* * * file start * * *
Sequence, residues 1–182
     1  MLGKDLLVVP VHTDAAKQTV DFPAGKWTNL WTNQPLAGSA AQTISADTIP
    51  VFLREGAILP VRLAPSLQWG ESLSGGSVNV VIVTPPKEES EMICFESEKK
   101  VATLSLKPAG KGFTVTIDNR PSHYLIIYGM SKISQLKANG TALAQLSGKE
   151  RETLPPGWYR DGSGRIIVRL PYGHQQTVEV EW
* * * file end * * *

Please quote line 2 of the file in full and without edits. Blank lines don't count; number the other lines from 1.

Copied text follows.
     1  MLGKDLLVVP VHTDAAKQTV DFPAGKWTNL WTNQPLAGSA AQTISADTIP